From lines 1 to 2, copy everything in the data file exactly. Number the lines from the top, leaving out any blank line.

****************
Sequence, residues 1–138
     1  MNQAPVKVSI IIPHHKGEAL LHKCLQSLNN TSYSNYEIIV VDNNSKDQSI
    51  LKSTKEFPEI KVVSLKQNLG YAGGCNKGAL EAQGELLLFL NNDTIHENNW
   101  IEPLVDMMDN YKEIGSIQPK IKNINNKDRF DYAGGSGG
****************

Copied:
Sequence, residues 1–138
     1  MNQAPVKVSI IIPHHKGEAL LHKCLQSLNN TSYSNYEIIV VDNNSKDQSI